Unified EndPoint Management

alexwhite19800
alexwhite19800 used Ask the Experts™
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I have heard a lot that Unified EndPoint Management (UEM) is the way forward to provide a seamless experience between mobile, desktop and laptop. I'm assuming this must tightly couple with Identity Management.

Both MS (Enterprise Mobility Suite) , VMWare (Workspace One) and Citrix (Xen products) seem to be pushing this concept hard. BlackBerry are also joining in the game with their BlackBerry Dynamics suite and UEM servers, saying all solutions need to be device agnostic.

Can someone explain the base concept here? I understand that we'd want the following securely across all platforms:

Email
Browser
Document Management
Workflow Applications

However, in terms of the applications how will this work? Each app must be optimised for the device? Only Microsoft seem to have a full suite of apps across all devices. For example, taking Microsoft Outlook, only MS can offer MS Outlook on a mobile device, the others have their own equivalents of this (Boxer, BlackBerry Work, Xen Work for example). Same with MS Word and so forth,
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Exec Consultant
Distinguished Expert 2018
Commented:
The pitch for UEM is simple to streamline oversight of endpoints policy with single centralised management tool, manage all device platforms, so called being endpoint agnostic, and establish common baseline for securing endpoints and its application hosted. Note that I used endpoints as a collective of mobile device, notebook, laptops, desktop and any user ICT system machine etc.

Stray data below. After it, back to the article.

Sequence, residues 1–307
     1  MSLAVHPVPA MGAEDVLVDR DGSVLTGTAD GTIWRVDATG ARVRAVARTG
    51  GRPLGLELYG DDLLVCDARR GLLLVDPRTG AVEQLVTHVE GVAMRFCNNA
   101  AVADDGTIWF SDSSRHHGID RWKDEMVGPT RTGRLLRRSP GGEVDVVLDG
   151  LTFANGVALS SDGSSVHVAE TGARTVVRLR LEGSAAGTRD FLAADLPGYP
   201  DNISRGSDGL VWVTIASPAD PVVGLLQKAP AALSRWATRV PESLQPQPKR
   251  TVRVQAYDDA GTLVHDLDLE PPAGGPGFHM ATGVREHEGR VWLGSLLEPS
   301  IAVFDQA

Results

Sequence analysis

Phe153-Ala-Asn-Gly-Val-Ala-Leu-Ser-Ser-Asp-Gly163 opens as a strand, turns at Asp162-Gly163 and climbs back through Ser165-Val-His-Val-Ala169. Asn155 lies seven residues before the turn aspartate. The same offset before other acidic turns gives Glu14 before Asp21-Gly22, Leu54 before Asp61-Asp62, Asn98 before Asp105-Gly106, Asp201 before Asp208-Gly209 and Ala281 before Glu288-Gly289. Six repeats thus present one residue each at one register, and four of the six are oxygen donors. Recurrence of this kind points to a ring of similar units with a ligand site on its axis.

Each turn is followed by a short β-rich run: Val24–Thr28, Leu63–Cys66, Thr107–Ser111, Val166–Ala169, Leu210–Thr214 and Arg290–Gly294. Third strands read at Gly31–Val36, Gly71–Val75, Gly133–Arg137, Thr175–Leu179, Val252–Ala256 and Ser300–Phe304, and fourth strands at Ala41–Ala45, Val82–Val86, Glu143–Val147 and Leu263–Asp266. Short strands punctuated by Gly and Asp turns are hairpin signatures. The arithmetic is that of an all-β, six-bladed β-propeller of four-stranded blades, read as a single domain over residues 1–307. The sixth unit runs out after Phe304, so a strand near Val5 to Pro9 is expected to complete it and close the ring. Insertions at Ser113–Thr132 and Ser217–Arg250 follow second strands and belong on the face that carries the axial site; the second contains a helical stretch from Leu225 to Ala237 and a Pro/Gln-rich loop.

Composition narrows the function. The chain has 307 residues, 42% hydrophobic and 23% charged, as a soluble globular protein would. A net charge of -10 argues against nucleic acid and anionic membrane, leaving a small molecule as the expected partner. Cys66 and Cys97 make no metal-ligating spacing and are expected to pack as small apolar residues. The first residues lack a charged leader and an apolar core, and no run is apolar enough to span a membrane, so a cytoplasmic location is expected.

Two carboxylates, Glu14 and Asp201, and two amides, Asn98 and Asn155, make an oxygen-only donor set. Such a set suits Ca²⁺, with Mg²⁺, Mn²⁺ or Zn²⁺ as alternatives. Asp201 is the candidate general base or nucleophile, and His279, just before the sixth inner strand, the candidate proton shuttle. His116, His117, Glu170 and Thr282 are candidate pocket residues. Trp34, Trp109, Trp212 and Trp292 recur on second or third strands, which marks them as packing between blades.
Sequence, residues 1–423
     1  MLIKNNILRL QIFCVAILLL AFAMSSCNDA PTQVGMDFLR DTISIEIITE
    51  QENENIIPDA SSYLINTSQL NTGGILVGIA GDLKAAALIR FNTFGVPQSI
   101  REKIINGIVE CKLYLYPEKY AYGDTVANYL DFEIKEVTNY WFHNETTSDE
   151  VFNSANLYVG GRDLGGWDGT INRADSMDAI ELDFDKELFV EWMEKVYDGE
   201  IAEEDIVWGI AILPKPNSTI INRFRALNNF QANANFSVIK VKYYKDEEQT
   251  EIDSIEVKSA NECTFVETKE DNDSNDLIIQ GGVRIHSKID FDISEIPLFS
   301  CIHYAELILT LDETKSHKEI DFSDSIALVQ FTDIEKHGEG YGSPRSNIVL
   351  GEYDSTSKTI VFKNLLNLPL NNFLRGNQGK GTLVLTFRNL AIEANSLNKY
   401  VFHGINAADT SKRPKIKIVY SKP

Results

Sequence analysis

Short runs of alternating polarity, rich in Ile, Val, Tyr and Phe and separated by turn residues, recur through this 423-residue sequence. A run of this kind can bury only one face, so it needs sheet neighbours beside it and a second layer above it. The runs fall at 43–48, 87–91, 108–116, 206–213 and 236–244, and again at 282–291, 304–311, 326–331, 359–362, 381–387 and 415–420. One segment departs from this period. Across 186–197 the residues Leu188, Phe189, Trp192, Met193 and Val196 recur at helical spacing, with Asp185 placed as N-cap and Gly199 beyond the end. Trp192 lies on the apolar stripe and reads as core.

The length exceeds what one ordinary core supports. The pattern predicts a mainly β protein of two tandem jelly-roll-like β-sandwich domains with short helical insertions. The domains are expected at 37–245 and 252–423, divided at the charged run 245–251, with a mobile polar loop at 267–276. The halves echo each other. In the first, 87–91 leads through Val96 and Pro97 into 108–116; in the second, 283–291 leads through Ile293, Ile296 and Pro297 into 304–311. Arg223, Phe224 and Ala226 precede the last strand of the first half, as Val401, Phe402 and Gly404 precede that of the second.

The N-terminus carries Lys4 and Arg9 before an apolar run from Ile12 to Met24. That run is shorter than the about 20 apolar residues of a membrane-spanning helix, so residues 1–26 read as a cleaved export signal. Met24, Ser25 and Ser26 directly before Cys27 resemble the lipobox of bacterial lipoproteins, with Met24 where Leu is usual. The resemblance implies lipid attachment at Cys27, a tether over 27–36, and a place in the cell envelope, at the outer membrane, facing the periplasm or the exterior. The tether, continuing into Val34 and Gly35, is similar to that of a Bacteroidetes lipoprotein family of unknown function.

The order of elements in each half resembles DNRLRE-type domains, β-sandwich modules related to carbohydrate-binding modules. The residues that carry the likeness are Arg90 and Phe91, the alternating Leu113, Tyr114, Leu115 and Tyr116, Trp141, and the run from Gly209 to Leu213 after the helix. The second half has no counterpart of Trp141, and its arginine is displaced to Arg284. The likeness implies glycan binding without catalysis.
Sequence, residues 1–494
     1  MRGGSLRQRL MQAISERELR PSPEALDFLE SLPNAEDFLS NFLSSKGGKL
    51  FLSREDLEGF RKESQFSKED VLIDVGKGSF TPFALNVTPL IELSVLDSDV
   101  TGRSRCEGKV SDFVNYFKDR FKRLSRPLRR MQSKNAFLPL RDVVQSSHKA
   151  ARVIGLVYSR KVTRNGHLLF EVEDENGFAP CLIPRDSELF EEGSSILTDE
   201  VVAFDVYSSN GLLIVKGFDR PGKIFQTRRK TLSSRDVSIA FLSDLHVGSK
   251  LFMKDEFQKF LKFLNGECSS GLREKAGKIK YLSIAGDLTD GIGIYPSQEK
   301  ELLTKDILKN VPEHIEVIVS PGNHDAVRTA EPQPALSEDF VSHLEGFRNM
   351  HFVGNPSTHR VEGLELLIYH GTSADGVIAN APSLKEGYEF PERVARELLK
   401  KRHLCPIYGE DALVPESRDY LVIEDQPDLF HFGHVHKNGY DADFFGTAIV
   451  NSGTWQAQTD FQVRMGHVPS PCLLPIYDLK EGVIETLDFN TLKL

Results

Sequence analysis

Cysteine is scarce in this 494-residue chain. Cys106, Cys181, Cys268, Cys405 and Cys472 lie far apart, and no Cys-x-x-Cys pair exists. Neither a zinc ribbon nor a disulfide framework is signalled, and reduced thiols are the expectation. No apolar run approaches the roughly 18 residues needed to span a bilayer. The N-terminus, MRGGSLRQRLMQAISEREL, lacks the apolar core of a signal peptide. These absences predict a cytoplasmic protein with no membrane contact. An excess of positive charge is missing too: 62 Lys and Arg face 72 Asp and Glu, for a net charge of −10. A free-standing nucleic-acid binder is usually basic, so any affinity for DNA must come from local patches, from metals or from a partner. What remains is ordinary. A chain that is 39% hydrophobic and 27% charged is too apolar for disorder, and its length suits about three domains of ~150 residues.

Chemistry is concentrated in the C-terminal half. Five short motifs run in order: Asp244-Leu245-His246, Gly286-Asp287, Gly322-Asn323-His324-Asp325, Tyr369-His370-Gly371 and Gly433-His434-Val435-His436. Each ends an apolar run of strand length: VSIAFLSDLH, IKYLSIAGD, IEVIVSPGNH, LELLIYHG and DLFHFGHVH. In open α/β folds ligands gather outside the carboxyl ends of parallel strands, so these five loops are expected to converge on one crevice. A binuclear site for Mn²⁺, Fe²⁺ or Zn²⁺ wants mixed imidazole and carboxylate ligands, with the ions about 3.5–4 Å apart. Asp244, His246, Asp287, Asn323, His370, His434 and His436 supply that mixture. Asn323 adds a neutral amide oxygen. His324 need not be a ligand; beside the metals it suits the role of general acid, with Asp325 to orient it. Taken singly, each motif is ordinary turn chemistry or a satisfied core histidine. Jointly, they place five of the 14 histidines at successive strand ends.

In that sense, you can expect typically UEM relies on the mobile device management (MDM) APIs in desktop and mobile operating systems. This allows greater interoperability and integration with existing management tools to avoid "reinventing the wheel",  therefore most vendors can still market UEM as a feature of their broader enterprise mobility management (EMM) software suites. That is their so called sales pitch. VMware AirWatch, Citrix, MobileIron and BlackBerry are among the EMM vendors that support UEM. Other vendors, such as Microsoft and IBM, have integrated their EMM suites with their traditional desktop management tools to provide unified management capabilities.

Then you may ask then how extensive UEM is to MDM, MAM and EMM. It is about packaging all tools together and underlying works are done to "talk" to each other by calling the exposed APIS supported by existing MAM and MDM. In short, UEM can still be limited by coverage and support of MAM and MDM provider. You should not be shortchange in app or device management if you already have MDM and MAM in your environment. More info should requested to your EMM vendor on that single platform to manage all endpoints.

 For clarity, EMM solution will include MDM, MAM, mobile content management (MCM), identity management for access control, and productivity apps for easy access to corporate email, calendar, contacts, content repositories and intranet sites. A UEM solution will work with existing EMM to focus to manage users and deliver a consistent experience across all endpoints in a single, comprehensive platform.

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